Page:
Step-by-Step Guide to Olympic Berth : Race walking: Mission Viejo’s Allen James will be only U.S. competitor in the 20-kilometer event at Barcelona.
Because of the herky-jerky mechanics involved in his sport, race walker Allen James usually gets plenty of stares when his training takes him to the bike and walking trails.
But a few weeks ago, James really got some peculiar looks.
While preparing for the expected heat and humidity at the U.S. Olympic track and field trials in New Orleans, James wore layers of clothes during his training walks to condition himself.
“I was wearing long-sleeved shirts and jackets on some pretty hot days,” said James, who is 6 feet 3 and 175 pounds. “You can’t really simulate humidity, but with all that gear on I’d lose about five pounds on a short, six-mile workout. People probably were wondering what I was doing. They probably thought I was just another Southern California loony.”
Well, maybe. But this one is going to the Olympic Games.
James, 28, will be the sole U.S. representative in the 20-kilometer race walk in Barcelona. He qualified in New Orleans by winning in 1 hour 29 minutes 28.0 seconds. He defeated Gary Morgan, the defending Olympic trials champion, by 55 seconds.
His time was 5:28 slower than the Olympic qualifying standard of 1:24.0, but it earned James a spot on the U.S. team because every country is guaranteed at least one athlete in the event. And for James, who admits his chances of winning a medal in Spain are remote, the opportunity is what counts.
“I remember watching the 1972 Olympics on TV. . . . That was my first inspiration,” said James, who set his personal best of 1:25:01 in the St. Patrick’s Day 20K in March at Cal State Long Beach. “I knew then that no matter in which event, I wanted to be in the Olympic Games.”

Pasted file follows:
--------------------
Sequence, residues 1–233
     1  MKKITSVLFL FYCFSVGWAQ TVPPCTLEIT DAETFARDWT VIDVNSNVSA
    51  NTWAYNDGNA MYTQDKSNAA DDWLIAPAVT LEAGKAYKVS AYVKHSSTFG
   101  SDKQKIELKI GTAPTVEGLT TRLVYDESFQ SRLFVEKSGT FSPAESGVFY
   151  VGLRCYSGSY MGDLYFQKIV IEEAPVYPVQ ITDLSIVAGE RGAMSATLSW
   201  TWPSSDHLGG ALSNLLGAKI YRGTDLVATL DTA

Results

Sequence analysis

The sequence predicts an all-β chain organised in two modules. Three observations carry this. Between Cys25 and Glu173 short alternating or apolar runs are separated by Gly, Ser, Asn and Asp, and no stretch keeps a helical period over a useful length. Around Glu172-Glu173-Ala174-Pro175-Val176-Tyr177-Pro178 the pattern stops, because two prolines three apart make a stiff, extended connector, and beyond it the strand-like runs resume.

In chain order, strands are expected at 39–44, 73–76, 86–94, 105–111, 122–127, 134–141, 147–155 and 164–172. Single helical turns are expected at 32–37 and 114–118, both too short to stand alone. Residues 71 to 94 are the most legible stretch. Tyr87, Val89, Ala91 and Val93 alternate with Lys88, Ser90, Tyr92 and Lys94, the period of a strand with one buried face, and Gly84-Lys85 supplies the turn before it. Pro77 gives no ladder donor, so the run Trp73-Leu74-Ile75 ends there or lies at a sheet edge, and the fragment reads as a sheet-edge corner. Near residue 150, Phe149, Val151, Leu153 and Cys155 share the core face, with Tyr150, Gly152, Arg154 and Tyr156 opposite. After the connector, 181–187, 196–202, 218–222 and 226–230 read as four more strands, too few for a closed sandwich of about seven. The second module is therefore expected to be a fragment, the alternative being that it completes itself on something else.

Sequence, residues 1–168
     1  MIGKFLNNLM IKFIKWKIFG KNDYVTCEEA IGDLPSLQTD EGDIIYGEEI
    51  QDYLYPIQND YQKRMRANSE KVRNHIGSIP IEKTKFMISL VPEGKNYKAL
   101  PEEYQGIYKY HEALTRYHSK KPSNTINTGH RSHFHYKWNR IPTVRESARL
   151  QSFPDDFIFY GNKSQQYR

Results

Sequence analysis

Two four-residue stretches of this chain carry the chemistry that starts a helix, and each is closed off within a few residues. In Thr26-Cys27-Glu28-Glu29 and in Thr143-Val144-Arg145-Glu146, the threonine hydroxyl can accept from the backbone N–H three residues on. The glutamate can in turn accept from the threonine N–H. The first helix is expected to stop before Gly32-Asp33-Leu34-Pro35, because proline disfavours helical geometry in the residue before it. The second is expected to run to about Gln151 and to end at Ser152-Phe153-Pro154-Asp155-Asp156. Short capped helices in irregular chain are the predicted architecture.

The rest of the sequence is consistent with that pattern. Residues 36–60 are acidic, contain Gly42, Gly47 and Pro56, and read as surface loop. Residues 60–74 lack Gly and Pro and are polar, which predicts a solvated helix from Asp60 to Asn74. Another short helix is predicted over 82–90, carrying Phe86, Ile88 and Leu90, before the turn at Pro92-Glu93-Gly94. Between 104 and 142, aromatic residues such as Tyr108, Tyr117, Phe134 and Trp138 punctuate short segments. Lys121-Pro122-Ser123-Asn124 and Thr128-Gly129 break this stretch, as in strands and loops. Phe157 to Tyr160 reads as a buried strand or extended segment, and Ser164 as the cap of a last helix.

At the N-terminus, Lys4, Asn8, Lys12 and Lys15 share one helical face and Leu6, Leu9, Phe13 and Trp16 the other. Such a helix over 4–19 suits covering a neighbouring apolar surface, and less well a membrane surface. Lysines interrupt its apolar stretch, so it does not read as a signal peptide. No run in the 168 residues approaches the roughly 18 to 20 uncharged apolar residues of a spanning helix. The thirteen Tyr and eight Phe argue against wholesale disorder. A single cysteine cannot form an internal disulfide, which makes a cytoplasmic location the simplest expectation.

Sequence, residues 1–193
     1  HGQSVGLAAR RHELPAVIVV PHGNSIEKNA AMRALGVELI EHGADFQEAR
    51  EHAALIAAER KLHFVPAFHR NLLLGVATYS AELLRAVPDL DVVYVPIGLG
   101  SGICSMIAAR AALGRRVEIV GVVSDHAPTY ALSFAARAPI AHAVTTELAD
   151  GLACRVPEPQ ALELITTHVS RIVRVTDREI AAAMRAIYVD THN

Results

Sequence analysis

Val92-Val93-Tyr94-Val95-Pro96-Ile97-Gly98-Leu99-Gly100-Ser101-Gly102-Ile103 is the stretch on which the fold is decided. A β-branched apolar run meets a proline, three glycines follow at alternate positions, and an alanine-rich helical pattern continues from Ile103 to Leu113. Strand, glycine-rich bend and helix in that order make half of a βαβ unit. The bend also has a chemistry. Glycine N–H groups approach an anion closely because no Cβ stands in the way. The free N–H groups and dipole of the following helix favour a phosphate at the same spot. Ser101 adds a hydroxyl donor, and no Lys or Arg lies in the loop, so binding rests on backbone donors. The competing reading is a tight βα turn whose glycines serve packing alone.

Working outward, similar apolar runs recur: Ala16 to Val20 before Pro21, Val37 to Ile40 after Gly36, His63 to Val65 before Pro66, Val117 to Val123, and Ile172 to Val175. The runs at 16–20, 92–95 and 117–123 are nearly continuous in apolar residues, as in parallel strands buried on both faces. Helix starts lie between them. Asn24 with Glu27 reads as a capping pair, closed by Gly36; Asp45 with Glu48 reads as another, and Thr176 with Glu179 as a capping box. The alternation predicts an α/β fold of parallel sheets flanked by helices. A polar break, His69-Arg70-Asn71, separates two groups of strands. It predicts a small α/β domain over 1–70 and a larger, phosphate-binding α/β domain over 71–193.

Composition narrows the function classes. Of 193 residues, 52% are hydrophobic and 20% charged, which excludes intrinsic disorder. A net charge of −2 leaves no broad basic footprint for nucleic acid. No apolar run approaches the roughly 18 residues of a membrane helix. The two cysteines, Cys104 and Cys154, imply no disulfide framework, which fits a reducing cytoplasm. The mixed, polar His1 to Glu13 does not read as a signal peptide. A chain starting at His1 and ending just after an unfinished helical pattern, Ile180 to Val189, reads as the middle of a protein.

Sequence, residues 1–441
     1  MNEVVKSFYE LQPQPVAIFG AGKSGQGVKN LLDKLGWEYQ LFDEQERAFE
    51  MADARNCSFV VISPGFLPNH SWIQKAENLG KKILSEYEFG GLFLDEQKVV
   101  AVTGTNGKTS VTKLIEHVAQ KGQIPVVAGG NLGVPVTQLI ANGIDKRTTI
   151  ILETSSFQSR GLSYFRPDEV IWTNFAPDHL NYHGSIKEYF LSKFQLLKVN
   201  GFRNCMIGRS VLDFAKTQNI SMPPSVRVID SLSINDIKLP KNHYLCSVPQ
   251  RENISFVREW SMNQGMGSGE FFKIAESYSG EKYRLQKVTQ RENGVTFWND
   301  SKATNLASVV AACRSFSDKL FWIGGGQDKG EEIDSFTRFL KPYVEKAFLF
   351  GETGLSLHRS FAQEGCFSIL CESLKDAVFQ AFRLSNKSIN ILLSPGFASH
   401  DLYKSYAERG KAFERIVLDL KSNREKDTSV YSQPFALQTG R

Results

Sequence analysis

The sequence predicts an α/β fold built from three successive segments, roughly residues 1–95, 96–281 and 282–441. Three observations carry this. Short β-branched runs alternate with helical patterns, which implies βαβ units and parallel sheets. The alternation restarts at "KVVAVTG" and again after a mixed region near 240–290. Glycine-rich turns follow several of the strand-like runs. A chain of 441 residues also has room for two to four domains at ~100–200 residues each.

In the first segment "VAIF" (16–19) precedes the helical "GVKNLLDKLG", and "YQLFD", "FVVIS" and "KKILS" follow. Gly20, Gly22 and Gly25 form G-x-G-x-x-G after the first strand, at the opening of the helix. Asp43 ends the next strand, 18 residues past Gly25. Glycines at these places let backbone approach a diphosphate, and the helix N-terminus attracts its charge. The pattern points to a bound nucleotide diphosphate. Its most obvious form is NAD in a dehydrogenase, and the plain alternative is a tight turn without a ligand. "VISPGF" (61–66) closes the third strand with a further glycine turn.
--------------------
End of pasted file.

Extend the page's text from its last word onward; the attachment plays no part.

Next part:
Soon after, James began working for that goal. By the time he was 12, he knew he had a knack for race walking.
“In our (junior high) practices, we used to have to walk one lap around the track, and I was always the first one in,” James said. “One day my coach asked me to do the 800-meter walk, and I kept doing it.”
At Shorecrest High School in Seattle, James specialized in cross-country and running the 800 meters. He also swam and played soccer. But when it was time for college, James became more serious about race walking.
“Running became kind of hard for my knees, and walking is much easier on your body,” he said.
So James concentrated on race walking at Western Washington University, where he majored in business administration and was a four-time NAIA All-American in track. He was the NAIA District I champion in the 10,000-meter walk four consecutive years and finished second in the national championships during his junior season in 1985. James also was a collegiate teammate of Herm Nelson, who will be one of three Americans in the 50K race in Barcelona.
“I actually taught him (Nelson) to race walk,” James said. “He was a distance runner. We are both coached by Martin Rudow.”
James and Rudow now rely on modern technology to talk shop. Rudow lives in Washington and James, who moved from Seattle to Orange County 3 1/2 years ago, lives in Mission Viejo with his wife, Laura, and 7-month-old daughter, Teisha. That leaves a couple of alternatives when they need to communicate.
“We correspond by fax or by telephone on a weekly basis,” James said. “But I’ve basically trained by myself here. That’s become really difficult. Sometimes it’s hard to get out there by yourself and be motivated. It really helps to have someone else there.”
Without training partners to keep him company, James walks about 50 to 60 miles a week with little more than his thoughts along for the sessions. He trains at different locations, but tries to walk at Upper Newport Bay--one of his favorite spots--whenever possible, though it is not close to his home or job with the Anaheim-based Athletes in Action.
James said his position with Athletes in Action as team manager--ordering equipment, entering members in track and field meets, booking hotel rooms and airline seats--is a perfect setup.
“It’s a job that I like and that allows me to train,” James said. “Athletes in Action is a Christian ministry, so it allows me to combine a couple of my loves, which are Christ and sports.”
Even though James probably won’t win a medal in Barcelona, he will make good use of the experience.
“Being realistic, the rest of the world is farther ahead as far as times are concerned,” said James, who has never competed in a world championship race. “That takes a lot of pressure off me. This (Olympics) is part of a four-year plan to give me the experience I need for Atlanta in ’96. It’s going to take several experiences like this (to become a medal contender).”
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